“What an achievement it would be if he can get them into the Champions League.

“But whether they finish third, fourth, fifth, sixth or seventh, he has to be right up there in the running for the Manager of the Year award.

“As a manager, he has made some brave decisions, and he’s been one of the few to go abroad.

“He took the decision to work in Spain after his time at Old Trafford, and you have to admire him for that.

“I was in Germany as a player, and really enjoyed my time there. As I’ve said many times, it was an incredible experience.

“I’ve yet to venture abroad as a manager, but it’s something I wouldn’t rule out.

“For example, I know the top three leagues in Germany are brilliant.

“The quality of player is very high, and the crowds are amazing.

“It definitely has an appeal to work over there at some kind of level.”

© Laurence Griffiths/POOL/EPA-EFE/Shutterstock
Davie Moyes, seen with Jesse Lingard, is on course for the Champions League

Lambert became the first British player to win the Champions League with a foreign club.

The proud Scot – who won 40 caps for his country and played at the 1998 World Cup Finals in France – keeps in touch with his former Borussia Dortmund team-mates.

He also has regular contact with Michael Zorc, the club’s sporting director.

He is part of the Dortmund Legends line-up, and they meet for various charity matches around the world to raise money for good causes.

Lambert smiled: “Most of the lads are all still in touch.

“Whether it’s Jurgen Kohler and Karl-Heinz Riedle, or a few others, it’s nice to have that contact and dialogue.

“It’s almost 24 years since we won the Champions League when we beat Juventus in the Final in Munich.

“But the memories are still there. I still get a lump in my throat thinking about it.”

The pandemic has restricted travel, but if he was able to move outside the UK, then Lambert would no doubt be in Germany just now, studying their latest coaching and playing methods.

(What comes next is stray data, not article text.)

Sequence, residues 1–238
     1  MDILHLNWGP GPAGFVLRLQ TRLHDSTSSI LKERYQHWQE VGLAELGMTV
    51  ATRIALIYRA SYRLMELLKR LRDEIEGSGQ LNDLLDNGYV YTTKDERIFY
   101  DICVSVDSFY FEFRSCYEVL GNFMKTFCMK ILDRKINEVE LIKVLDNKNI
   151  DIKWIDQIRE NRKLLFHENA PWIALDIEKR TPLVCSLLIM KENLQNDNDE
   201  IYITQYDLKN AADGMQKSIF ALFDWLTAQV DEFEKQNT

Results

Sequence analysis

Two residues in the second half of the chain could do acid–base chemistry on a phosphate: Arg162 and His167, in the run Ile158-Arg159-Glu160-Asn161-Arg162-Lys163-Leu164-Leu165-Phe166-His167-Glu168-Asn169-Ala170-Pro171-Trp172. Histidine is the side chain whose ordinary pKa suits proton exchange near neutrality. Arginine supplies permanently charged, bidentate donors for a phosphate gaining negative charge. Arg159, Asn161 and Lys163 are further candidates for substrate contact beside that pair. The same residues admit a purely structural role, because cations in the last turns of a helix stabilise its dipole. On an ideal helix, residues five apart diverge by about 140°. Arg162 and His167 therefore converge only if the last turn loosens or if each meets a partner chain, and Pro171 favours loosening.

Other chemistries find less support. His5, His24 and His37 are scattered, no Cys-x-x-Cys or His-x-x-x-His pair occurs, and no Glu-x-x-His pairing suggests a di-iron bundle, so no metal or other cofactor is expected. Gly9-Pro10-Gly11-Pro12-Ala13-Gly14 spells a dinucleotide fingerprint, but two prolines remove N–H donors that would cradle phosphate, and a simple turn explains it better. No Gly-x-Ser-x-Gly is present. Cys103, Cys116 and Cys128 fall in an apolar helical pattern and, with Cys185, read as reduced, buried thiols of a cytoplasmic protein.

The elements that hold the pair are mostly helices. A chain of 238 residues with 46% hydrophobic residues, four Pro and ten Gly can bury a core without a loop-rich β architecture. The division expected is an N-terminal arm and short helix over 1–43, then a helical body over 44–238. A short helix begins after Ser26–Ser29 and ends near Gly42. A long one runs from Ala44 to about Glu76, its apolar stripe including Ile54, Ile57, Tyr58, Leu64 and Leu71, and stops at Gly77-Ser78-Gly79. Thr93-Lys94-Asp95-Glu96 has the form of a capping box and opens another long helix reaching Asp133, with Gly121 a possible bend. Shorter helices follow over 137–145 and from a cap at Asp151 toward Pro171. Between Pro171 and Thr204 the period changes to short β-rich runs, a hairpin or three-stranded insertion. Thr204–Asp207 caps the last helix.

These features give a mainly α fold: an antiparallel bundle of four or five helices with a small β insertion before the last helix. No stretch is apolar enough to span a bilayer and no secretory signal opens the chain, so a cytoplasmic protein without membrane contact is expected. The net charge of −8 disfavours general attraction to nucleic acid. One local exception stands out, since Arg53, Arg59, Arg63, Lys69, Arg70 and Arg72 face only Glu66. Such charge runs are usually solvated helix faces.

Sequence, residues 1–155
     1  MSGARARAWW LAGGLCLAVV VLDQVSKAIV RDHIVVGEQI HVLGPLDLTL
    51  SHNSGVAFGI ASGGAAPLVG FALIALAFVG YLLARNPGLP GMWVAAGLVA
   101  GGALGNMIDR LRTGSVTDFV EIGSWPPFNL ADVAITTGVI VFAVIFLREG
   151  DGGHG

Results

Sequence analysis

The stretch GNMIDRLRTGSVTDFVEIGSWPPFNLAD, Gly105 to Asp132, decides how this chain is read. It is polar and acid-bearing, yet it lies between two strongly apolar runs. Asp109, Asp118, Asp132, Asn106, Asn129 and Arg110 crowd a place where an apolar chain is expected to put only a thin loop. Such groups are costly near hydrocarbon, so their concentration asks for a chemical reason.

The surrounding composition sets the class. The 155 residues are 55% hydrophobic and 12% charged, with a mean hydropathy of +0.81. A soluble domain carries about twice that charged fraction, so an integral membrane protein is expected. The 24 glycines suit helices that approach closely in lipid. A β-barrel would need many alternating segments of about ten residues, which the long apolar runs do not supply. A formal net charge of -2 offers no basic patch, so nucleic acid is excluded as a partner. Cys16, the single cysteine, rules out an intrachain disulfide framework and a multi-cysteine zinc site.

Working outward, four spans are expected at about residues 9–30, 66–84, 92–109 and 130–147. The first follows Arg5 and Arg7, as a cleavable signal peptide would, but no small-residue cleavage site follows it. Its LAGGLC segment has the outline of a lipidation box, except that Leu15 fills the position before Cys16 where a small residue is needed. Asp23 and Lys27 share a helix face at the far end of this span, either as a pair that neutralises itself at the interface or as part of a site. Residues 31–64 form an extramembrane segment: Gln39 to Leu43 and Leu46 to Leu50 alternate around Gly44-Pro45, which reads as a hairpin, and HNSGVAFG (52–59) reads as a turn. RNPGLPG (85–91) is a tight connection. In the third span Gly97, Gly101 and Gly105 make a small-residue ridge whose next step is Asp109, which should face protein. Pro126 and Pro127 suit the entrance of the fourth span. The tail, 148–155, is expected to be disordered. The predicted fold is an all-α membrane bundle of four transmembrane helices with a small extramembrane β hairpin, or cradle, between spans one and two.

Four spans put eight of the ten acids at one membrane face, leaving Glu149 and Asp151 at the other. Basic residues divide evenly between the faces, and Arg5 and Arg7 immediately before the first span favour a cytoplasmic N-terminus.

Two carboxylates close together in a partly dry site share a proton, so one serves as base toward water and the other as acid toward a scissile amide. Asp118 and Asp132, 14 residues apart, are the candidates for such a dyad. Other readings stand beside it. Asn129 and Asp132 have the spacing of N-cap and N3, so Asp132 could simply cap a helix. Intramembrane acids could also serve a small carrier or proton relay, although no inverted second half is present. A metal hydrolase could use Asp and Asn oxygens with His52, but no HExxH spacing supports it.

A keen student of the game, he has been abroad to shadow top coaches such as Zinedine Zidane and Carlo Ancelotti.

Ottmar Hitzfeld, who signed Lambert for Borussia Dortmund after he had impressed against them for Motherwell in a UEFA Cup tie, was also a massive influence, as was Martin O’Neill.

Lambert added: “I’ve been doing bits of media work, and doing Dortmund’s games for some television channels.

“I keep an eye on what’s going on in the UK and abroad. You’ve got to be up to date.

“The media work is great, but I hope to be back in management and coaching soon.”

As a former Celtic captain, Lambert has long been linked with taking over one day at Parkhead. But he is quite clear that doesn’t hold any appeal.

He stressed: “I can understand why people want to ask me about it, but I’ve been consistent on that subject.

“I don’t want to manage Celtic.

“The club was brilliant to me, and I enjoyed many successful seasons there as a player.

“I’ll never forget stopping Rangers getting 10-in-a-row in 1998, winning the Treble in 2001, or the run to the UEFA Cup Final in 2003.

“I still look out for the club’s results, and still want to see them being successful. Indeed, I was back at Parkhead last month for the 1-1 draw against Rangers.

“The focus is now all about who is going to take over from Neil Lennon on a permanent basis.

“I’m watching with as much interest as everyone else to find out who that’s going to be.”